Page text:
Though she seems to have taken a break from touring for the time being, Marling still shows no sign of slowing down. She performed several brand new songs while on tour, both live and for various radio stations. One of these songs, Bleed Me Dry, is stunning in its simplicity and features Marling at her sharpest. “I have left so many men asking why / why I go and change my mind overnight / they can’t figure me out / they’ll end themselves with doubt. / Well it’s love that they sought / and I was taught / not to give it away / unless your sure,” she sings. Ouch. Marling might look waifish and vulnerable in person but she packs a hell of a punch. With a voice that can be both sultry and heavenly, Marling has never shied away from telling it like it is. Even in its raw, unpolished form, the song in an absolute gem.

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First Impressions – The Front Bottoms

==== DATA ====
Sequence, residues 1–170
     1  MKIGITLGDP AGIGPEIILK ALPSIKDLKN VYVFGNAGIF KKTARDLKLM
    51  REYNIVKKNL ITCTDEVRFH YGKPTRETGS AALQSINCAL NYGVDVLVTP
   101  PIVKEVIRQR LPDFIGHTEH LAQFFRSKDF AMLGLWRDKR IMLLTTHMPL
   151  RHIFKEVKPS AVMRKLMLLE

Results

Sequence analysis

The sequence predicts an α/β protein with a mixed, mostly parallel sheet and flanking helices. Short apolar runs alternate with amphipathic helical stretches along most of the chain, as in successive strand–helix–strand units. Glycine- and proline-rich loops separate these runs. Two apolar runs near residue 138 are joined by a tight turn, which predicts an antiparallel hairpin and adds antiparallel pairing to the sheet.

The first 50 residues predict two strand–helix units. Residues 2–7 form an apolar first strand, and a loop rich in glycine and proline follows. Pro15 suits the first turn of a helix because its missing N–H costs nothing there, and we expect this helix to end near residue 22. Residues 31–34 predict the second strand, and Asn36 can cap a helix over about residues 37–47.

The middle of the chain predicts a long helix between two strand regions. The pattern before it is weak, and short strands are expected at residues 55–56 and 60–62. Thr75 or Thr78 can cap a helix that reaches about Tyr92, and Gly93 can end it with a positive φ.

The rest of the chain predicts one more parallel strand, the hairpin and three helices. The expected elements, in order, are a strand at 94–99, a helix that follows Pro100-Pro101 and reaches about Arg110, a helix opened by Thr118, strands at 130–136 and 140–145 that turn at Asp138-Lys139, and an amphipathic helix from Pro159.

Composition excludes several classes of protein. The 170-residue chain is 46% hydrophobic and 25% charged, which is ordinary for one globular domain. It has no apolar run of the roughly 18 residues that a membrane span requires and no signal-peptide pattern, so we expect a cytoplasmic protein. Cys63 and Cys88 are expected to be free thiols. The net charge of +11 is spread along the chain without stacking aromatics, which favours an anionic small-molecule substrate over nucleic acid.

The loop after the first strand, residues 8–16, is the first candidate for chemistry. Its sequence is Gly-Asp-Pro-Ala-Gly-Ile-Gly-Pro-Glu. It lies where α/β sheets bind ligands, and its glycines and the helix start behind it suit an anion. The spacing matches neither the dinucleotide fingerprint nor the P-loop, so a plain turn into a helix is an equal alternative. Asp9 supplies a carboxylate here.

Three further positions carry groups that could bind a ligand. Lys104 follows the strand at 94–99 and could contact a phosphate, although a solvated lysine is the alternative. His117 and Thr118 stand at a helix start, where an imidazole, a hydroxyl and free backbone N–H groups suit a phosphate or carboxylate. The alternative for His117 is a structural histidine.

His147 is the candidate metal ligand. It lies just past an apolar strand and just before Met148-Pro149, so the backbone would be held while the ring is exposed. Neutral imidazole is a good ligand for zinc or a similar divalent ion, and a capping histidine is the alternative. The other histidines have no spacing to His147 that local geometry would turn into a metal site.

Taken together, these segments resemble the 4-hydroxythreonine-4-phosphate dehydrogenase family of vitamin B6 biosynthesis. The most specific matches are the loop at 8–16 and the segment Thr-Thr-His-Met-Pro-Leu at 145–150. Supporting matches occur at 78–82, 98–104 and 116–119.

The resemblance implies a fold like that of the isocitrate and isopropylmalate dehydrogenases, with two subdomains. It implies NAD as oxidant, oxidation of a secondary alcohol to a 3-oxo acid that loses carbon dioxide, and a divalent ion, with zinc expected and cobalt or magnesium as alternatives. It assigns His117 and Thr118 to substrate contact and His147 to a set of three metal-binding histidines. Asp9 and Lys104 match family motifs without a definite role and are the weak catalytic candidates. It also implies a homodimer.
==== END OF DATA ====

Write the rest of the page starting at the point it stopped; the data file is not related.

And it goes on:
By Cherie

The concept is simple. Someone suggests two songs by the same artist and the person who’s turn it is has to listen to each song once and then write up their first impression of the band based on those songs.

Band: The Front Bottoms (suggested by Vasilis)


Songs: Maps, Twin Size Mattress


The second Maps started playing I knew I was going to like it. It had an upbeat tempo that drew me in immediately, and I was sold the moment I heard the violin. Vasilis warned me that I was probably going to have the song stuck in my head for days and I have to say he was right. The song was catchy and upbeat, and I liked the way that the song changed tempo throughout, never stagnating. The clapping and group vocals were used effectively to add an extra layer of complexity to the track. The lead singer reminded me a little bit of John Darnielle from Mountain Goats, vocally. Looking at the lyrics as I listened to the song I found a lot there that I could relate to. By the time the song was done I found myself wondering why on earth I hadn’t listened to their music earlier, despite knowing both my brother and Vasilis like the band.